Plane & Pilot
Tuesday, March 25, 2014

Planning A Long Cross-Country


As the old chestnut proclaims: prior planning prevents poor performance


If you plan to pass through multiple time zones, determining departure times for each flight plan can be problematic. Going east, you'll lose an hour crossing most time zones, while going west, you'll pick up an hour. Arizona chooses not to honor daylight-saving time, so that can be confusing. Using GMT for all flight plans should resolve most time-related issues.

Be Prepared
You need to be prepared for IFR conditions on any long flight. If you aren't an IFR-rated pilot, then you should constantly be prepared for a diversion. Ensure that you have the appropriate VFR charts. WACs will usually suffice, but you might want a sectional for your refueling stops and destination, and possibly a TAC if your destination is in or near Class B airspace. If you're IFR rated, carry electronic or paper instrument en route and approach charts, even if the weather is forecast to be VFR. It's smart to carry charts for a wider area than you intend to fly. You may find that the weather or even TFRs may force you into a routing that you didn't expect. It can be stressful to be en route to an alternate airport and realize that you don't have charts, especially if an instrument approach may be required. Don't count on finding the charts you need at an en route FBO, either. You should have everything you may need onboard before you start.

If you use a flight-planning app, make certain that you have current data for the entire flight loaded on your portable device by turning off Internet access and verifying the stored data. The typical mistake is to review the maps and approach charts when there's Internet access, only to find out the data isn't actually stored on the device once you're no longer on the Internet.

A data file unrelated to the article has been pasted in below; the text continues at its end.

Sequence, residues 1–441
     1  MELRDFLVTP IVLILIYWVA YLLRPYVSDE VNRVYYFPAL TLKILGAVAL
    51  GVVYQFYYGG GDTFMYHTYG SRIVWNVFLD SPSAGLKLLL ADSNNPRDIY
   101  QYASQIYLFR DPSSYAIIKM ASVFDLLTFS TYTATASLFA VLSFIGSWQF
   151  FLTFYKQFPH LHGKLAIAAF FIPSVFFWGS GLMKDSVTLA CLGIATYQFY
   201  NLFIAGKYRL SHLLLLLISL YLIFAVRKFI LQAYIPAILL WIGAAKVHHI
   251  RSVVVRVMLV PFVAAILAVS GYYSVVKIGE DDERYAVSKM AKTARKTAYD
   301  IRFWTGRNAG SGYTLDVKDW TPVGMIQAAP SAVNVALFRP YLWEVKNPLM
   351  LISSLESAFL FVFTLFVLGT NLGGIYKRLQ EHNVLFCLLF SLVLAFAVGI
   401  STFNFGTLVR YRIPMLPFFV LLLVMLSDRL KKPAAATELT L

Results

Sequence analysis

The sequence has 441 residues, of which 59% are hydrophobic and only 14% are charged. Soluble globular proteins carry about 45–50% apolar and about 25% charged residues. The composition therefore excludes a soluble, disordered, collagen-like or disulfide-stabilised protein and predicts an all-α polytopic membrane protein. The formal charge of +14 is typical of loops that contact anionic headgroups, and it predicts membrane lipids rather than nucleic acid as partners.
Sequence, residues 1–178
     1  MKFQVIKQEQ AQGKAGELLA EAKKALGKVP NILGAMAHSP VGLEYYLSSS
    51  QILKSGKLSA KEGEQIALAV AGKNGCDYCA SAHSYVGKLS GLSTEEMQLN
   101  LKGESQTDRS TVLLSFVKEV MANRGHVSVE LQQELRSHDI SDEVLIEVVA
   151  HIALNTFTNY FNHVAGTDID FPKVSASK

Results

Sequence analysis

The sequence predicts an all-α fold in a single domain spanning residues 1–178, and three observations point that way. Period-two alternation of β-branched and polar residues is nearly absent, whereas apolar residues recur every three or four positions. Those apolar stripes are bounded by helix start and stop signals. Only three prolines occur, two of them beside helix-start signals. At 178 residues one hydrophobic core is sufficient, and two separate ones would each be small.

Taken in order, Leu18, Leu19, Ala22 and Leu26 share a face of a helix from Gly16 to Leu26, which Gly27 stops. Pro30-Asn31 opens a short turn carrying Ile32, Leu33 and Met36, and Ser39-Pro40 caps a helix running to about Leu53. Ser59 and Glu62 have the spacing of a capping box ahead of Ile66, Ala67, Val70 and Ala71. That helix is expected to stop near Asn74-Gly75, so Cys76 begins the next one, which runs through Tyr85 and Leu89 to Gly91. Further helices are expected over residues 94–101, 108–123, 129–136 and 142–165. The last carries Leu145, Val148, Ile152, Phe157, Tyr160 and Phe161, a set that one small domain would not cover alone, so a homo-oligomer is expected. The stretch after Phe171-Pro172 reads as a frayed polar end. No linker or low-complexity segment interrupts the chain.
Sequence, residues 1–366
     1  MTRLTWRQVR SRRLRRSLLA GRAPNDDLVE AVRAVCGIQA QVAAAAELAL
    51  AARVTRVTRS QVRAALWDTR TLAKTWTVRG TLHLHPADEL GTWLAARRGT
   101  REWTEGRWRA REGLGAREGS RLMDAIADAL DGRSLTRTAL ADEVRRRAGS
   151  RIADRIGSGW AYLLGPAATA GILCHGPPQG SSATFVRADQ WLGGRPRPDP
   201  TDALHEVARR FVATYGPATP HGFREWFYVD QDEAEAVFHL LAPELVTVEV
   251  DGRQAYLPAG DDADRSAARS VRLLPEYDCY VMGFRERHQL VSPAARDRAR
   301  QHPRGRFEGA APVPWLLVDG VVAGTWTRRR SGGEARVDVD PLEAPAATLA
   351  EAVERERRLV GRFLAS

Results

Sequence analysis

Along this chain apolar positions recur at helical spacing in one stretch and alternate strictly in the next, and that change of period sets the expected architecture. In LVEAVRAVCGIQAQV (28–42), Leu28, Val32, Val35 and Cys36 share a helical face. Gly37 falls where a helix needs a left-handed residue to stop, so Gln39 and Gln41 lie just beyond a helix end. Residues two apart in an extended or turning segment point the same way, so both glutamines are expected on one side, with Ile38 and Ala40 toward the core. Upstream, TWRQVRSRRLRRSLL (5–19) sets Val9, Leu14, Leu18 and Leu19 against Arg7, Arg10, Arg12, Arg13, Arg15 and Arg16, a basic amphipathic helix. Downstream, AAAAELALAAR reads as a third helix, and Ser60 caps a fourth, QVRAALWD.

A strong case can be made that you should carry a survival kit for every flight, but for a long flight, especially across inhospitable terrain, it's really a must. It doesn't have to be expensive, and it doesn't have to be huge, but it should cover at least the basics, like water, first aid and environmental protection (e.g. blankets, suntan lotion, etc.). I carry much more than that on even local flights.

If you're planning a long day of flying, make sure you and your passengers are prepared. Carry sufficient liquids—water would be the preference—and encourage your passengers to drink fairly often to keep hydrated. Eat well before you depart and carry sandwiches or some other convenient healthy food (not sweets), as well. Your body will appreciate it, and you'll be much sharper at the end of the day. You should also carry whatever personal relief products you prefer.

If you're flying over mountainous terrain, you'll often need, or at least benefit from, oxygen, especially if you're planning to spend any time higher than 12,000 feet. Consider your passengers. Some people can get bad or even severe headaches, even at altitudes below 12,000 feet. Supplementary oxygen helps. Breathing oxygen periodically, and especially in preparation for the descent and approach, will make you sharper and less prone to making mistakes. Everyone can benefit from continuous or at least periodic use of oxygen on a long flight.



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